In the case of a transparent front panel, the illumination or light distribution curve of the reflector is narrower and higher than the illumination curve in the case of a diffusion front panel. As can be seen from both figures, this variation can easily be effected by varying the electrical control voltage without changing the position of the flash tube 12 in relation to the reflector 10.

Said variation of the illumination curves can be effected continuously, since the electrical voltage can be varied continuously. Moreover, this variation of the illumination curves can be carried out very rapidly, since the electrical control voltage can also be easily and rapidly varied, for example, by means of an adjustable potentiometer.

FIG. 3 is a schematic representation of a method of providing a connection between the relector and varifocal lens. In this embodiment, the control electrode 16 of the liquid-crystal cell FK is directly connected to the terminal of a direct voltage battery 20, which is connected via a resistor 22 to its other terminal. At the resistor there is arranged, with allowance for sliding, a center tap 24 which is connected via a linkage 32 with the barrel 26 of a varifocal lens. The sliding center tap 24 is connected via a flexible wire connection 30 to the other control electrode 18 of the liquid-crystal cell FK.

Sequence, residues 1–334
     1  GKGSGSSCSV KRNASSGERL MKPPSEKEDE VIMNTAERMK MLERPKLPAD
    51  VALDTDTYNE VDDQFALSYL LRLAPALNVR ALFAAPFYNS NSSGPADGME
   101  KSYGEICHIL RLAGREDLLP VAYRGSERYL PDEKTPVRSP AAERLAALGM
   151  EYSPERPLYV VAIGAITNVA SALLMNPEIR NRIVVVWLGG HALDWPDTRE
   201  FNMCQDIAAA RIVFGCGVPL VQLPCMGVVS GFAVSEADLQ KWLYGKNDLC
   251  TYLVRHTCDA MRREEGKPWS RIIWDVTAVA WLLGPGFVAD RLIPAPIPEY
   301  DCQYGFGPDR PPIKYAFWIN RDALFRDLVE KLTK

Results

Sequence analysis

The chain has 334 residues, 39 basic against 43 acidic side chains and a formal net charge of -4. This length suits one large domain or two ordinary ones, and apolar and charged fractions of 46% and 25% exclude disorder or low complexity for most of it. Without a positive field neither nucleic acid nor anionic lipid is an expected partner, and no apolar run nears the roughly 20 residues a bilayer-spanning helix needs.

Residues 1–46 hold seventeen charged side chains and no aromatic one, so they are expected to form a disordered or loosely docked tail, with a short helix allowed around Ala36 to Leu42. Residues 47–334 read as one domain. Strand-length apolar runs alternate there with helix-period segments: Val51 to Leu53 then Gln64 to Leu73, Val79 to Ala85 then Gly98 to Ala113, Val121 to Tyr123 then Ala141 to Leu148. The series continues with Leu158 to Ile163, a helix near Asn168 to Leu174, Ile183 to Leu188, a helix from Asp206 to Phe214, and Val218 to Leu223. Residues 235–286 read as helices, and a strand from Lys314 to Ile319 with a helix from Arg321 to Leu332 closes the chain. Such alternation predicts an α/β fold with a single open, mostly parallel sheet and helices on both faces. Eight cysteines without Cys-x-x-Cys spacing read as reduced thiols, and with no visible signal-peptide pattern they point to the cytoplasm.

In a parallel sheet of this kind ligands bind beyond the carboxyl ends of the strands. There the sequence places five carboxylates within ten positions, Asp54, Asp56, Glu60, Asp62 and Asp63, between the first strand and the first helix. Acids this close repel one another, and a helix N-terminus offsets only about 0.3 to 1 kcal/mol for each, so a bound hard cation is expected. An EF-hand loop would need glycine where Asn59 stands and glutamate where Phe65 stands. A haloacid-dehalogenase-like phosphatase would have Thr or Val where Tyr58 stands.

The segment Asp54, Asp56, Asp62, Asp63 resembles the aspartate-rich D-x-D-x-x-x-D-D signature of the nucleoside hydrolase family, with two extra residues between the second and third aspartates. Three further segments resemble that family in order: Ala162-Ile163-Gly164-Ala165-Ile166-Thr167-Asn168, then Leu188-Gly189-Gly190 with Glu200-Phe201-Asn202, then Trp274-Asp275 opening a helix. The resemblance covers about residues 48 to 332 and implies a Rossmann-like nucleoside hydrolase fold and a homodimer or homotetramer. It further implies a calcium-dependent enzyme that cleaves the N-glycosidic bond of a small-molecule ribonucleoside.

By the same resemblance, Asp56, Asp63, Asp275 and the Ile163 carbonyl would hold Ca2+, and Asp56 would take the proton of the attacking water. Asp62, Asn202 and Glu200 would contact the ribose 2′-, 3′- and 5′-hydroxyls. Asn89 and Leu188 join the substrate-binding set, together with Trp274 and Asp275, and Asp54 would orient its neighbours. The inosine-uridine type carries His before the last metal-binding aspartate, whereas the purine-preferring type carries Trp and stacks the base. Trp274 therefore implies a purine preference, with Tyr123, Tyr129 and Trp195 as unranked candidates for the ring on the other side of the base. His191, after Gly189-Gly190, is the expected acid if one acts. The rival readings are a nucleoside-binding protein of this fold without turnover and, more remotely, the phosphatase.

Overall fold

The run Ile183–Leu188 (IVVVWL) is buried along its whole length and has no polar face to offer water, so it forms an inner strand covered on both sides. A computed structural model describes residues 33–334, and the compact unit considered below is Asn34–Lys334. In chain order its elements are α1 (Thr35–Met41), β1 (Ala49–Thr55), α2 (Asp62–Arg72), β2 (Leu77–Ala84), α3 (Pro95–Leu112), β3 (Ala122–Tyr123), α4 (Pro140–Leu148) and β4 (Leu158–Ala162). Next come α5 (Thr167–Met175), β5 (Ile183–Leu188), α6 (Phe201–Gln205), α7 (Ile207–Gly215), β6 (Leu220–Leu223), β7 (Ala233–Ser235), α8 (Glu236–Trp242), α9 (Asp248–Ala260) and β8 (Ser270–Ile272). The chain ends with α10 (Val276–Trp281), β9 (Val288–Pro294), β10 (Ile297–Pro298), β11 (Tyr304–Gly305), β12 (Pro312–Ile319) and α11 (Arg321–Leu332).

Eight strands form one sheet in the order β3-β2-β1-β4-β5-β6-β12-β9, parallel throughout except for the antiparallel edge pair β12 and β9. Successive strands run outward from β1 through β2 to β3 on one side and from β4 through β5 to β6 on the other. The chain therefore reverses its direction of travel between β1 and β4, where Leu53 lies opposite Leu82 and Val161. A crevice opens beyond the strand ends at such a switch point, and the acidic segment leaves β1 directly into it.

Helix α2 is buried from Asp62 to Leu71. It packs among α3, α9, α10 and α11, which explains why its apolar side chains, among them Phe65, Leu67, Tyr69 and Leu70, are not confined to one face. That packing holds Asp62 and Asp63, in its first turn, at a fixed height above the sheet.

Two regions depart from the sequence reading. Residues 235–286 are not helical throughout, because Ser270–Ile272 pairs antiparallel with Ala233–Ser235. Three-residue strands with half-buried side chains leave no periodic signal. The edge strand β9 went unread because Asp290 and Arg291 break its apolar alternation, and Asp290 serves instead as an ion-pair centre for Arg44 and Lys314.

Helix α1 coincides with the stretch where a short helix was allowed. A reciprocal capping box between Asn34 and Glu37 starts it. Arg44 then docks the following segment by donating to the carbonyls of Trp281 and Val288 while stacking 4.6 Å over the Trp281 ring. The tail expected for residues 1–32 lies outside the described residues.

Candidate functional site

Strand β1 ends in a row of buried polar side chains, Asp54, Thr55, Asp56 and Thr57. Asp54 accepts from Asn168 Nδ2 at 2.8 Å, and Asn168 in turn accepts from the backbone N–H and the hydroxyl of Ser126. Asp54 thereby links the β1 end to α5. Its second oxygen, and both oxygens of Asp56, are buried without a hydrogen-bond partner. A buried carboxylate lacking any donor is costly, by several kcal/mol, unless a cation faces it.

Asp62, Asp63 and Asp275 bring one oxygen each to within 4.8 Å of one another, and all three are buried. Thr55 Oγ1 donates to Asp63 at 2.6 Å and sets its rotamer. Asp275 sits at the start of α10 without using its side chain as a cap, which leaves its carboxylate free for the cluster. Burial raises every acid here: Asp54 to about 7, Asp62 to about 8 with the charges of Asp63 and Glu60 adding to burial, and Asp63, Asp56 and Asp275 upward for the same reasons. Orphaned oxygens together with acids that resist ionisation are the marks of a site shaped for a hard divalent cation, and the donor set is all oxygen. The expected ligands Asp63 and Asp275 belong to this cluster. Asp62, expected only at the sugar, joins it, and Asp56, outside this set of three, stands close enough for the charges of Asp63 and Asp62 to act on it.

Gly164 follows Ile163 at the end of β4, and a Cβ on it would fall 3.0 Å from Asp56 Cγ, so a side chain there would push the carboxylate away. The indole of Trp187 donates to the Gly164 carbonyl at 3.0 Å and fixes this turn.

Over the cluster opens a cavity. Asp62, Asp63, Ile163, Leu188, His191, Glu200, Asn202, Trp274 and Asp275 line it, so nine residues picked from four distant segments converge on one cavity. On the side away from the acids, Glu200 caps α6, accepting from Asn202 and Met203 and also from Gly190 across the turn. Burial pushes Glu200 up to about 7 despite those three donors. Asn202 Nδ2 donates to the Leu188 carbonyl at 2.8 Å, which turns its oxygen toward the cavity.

If the barrel 26 of the varifocal lens is moved to the right, for instance for taking a telephoto shot, the center tap 24 of this potentiometer circuit moves to the right in FIG. 3, thereby reducing the control voltage between the control electrodes 16 and 18, and the liquid-crystal cell becomes increasingly more transparent or it changes to its fully transparent state. On the other hand, if the barrel is moved out, the center tap 24 of the potentiometer circuit on the resistor 22 slides to the left and at the same time the control voltage of the liquid-crystal cell applied between the control electrodes 16 and 18 will increase, with the result that the liquid-crystal cell--after the threshold voltage has been exceeded--changes to an increasingly scattering or diffusing state.

While particular embodiments of the invention have been shown, it will be understood that the invention is not limited thereto since many modifications may be made, and it is therefore contemplated to cover by the appended claims any such modifications as fall within the true spirit and scope of the invention.

Patent Citations
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Referenced by
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Classifications
U.S. Classification362/17, 362/318, 362/308, 362/276, 362/18, 362/280
International ClassificationG03B7/16, G03B15/02, G03B15/05, G03B15/03, F21V9/10, G02F1/1335, F21V7/00
Cooperative ClassificationG03B2215/0528, G03B15/05
European ClassificationG03B15/05